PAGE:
About Hunza Valley
Hunza Adventure Tours, Pakistan
The Valley of upper Hunza Gojal offers the best views of snow capped mountains. A 900 years old Ondra fort overlooking the village of Gulmit makes a fine vantage point to view over 6000 peaks on a clear day, the spectacular sight of mountain and valleys in the range of 120 kilometres gives the feeling of a dream coming true as if witnessing the great open museum of mountains. Gulmit (2500m) the Capitql of upper Hunza valley is the only town in the world, where you can view five peaks over (6000m) in all four directions. Tupopdan peak (6106m), Shisper peak (7611m), Gulmit Tower (6000m), Quroon (7143m) and Distalghail Sar peak reaches in high as Hunza Skyline. The patches of lush terraced fields on rugged mountains if a sample of hard work and irrigation channels worked out by Hunzakuts.
Land of Apricot Orchards Peaches Apples Mulberry walnuts and Grapes
Hunza Valley the land of apricot orchards, peaches, apples. Mulberry, walnuts and grapes. Glacial stream thunder down from distant peaks and sizzle through forests of poplar. Hunza Valley is said to have been inspiration for the imaginary paradise of Shangri-La, immortalize by James Hilton in his classic 1930s novel "Lost Horzon". Although lost horizon is pure fantasy, a tale of westerner brought to a remote Tibetan valley whose rulers lived to extraordinary ages because they know nothing of greed, fear, anger or competition. Hunza Valley has remarkable parallels with Shanri-La. The mountain people of Hunza valley with Brown or Golden hairs and green, blue or grey eyes, unravel the mystery of their origin. Their ancestors are belived to be to the solders of Alexander’s army who settled down in these valleys with their Persian wives.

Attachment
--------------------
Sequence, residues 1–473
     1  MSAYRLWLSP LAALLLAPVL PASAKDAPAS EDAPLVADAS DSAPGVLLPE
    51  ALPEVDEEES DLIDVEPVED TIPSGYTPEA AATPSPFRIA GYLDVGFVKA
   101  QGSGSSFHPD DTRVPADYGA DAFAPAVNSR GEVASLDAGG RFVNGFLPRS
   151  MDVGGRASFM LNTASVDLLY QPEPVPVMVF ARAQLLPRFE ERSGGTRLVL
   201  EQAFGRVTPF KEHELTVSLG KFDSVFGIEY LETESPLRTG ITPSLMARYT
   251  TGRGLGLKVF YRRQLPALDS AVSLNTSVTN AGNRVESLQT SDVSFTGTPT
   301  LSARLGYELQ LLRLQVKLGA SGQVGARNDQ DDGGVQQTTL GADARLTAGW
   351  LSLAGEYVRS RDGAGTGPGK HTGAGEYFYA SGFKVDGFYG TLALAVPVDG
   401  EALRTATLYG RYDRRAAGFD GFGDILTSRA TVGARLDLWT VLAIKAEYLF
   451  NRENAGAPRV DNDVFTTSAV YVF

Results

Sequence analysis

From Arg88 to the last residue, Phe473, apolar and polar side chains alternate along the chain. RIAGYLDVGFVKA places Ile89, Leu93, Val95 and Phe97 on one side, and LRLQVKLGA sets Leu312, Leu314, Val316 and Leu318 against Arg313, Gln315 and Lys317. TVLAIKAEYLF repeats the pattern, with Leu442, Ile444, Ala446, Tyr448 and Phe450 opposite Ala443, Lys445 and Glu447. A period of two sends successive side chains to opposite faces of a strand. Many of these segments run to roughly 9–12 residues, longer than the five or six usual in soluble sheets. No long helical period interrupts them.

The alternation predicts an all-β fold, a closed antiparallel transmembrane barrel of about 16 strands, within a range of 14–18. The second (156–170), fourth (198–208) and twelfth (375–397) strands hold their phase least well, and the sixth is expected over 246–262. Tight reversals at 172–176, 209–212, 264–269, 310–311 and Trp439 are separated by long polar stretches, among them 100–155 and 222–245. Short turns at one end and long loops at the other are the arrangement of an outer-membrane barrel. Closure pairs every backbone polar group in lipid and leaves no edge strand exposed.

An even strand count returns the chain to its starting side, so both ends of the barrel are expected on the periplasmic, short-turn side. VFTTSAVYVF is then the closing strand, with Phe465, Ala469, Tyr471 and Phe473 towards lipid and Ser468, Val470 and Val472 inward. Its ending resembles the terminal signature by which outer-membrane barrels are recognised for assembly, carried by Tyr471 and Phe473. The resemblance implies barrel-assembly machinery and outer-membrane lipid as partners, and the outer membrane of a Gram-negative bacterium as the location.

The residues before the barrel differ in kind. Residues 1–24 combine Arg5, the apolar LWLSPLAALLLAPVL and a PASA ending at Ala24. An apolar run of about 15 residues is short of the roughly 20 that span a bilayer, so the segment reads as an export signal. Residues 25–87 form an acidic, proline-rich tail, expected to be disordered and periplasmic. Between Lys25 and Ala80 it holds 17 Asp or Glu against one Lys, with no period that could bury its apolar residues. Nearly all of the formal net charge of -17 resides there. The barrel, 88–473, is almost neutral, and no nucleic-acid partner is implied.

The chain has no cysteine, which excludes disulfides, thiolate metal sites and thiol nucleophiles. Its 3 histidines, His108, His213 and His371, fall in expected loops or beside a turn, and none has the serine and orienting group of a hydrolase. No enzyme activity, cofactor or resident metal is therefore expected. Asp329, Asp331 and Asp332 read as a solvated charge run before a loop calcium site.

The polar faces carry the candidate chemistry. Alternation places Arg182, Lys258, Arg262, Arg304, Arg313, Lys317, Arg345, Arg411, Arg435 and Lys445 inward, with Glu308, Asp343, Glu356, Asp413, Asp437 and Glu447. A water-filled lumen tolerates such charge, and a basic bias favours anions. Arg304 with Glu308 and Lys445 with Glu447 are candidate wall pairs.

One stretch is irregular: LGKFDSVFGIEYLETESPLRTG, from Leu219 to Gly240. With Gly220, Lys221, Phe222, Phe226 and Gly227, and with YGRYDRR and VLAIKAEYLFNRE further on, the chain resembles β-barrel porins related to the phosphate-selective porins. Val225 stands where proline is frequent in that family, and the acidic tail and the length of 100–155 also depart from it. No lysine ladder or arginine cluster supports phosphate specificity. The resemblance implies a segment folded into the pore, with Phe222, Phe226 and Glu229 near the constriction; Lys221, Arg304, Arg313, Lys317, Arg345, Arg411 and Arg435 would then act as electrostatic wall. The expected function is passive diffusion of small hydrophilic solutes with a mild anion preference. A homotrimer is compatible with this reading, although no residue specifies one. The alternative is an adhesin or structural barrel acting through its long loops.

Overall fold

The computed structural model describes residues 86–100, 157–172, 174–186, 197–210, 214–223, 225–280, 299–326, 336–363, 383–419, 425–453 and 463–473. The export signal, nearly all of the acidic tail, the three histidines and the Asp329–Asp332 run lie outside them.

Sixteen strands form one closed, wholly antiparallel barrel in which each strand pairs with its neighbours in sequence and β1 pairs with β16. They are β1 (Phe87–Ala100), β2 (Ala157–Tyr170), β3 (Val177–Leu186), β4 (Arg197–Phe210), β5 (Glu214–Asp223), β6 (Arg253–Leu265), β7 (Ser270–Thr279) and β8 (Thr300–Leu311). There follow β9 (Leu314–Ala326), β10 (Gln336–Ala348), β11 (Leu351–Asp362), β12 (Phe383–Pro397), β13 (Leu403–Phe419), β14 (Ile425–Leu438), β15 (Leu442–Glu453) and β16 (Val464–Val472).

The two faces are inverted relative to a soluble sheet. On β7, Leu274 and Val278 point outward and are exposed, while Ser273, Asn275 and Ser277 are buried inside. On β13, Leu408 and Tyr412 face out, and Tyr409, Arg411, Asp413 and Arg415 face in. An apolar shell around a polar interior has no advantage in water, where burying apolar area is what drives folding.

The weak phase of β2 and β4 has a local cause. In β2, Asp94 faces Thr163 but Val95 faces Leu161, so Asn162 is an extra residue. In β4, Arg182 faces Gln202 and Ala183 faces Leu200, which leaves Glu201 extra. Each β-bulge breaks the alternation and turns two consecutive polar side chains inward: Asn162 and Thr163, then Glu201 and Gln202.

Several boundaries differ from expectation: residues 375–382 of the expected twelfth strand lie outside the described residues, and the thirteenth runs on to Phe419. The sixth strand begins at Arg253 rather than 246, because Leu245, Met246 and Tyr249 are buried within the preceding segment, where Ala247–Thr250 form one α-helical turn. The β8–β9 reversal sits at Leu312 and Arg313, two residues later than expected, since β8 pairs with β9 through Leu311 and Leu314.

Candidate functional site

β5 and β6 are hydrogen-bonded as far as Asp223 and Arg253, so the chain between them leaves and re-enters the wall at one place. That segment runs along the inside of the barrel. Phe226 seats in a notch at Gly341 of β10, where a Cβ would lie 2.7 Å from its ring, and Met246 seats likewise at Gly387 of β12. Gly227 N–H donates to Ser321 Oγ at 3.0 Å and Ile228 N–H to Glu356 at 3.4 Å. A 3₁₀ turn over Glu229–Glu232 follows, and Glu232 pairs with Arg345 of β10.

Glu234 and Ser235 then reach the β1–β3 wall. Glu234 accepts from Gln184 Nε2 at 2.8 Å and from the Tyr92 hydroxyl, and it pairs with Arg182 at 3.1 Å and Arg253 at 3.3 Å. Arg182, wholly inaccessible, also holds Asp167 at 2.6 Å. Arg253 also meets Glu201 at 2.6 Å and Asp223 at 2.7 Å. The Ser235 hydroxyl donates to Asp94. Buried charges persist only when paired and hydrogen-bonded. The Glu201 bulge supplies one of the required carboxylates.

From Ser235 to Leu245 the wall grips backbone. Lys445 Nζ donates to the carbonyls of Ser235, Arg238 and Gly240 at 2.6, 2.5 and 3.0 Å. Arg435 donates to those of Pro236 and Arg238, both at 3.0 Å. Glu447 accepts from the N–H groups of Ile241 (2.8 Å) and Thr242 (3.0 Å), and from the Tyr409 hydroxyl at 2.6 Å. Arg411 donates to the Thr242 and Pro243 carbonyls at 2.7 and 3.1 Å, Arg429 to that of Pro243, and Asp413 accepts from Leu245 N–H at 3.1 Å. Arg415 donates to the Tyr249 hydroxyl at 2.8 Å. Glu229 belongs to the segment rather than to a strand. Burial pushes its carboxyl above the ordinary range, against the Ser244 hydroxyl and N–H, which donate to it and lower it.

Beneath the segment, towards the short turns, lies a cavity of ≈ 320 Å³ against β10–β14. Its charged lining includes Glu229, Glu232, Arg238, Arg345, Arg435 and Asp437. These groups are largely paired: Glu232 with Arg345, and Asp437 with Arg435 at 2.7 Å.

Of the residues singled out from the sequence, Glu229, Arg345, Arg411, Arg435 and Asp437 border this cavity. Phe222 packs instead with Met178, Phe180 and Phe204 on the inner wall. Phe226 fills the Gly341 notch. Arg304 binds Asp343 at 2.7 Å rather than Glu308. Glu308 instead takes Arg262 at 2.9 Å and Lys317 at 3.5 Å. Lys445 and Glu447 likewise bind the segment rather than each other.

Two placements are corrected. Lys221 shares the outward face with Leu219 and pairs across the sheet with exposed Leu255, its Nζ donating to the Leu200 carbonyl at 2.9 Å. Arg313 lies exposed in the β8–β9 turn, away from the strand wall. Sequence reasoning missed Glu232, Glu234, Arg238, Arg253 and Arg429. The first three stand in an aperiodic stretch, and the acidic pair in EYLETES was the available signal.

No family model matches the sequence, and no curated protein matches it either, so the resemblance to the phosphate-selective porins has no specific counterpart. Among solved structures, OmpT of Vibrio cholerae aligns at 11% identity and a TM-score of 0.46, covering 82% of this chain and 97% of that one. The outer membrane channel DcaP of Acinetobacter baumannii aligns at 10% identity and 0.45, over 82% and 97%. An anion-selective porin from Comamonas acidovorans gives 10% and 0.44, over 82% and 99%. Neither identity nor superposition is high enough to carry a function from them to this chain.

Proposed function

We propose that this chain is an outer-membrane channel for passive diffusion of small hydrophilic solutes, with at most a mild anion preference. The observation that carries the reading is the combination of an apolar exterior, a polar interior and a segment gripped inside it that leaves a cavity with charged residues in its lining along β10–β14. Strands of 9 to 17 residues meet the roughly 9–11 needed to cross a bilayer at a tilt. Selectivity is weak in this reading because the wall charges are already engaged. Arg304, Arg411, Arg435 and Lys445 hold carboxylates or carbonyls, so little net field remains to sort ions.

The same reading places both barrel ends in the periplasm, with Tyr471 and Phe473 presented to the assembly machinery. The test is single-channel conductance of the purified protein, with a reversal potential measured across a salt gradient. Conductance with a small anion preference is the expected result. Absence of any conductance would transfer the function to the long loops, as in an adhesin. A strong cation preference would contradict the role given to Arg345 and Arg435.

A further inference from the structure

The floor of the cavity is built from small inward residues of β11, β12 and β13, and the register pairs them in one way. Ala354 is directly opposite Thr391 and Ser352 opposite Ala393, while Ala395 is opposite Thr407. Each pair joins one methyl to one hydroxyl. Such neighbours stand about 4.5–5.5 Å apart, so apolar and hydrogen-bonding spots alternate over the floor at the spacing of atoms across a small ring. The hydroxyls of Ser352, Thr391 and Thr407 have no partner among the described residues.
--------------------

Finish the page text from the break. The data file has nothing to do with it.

The astounding history of Hunza valley is filled with invasions. The Dogras, the Sikhs and the Laddakhis, the Purakis of Chitral and the wali’s and mir’s of the neighbouring states conquered or made unsuccessful attempts to rule Hunza Valley. a paradise for trakkers, mountaineers, photographers and nature lovers.
History of Hunza
Hunza was formerly a princely state bordering China to the north-east and Pamir to its north-west, which continued to survive until 1974, when it was finally dissolved by Zulfikar Ali Bhutto. The state bordered the Gilgit Agency to the south, the former princely state of Nagar to the east. The state capital was the town of Baltit (also known as Karimabad) and its old settlement is Ganish Village.Hunza was an independent principality for more than 900 years. The British gained control of Hunza and the neighboring valley of Nagar between 1889 and 1892 followed by a military engagement of severe intensity. The then Thom (Prince) Mir Safdar Ali Khan of Hunza fled to Kashghar in China and sought what can be called political asylum.
Geography of Hunza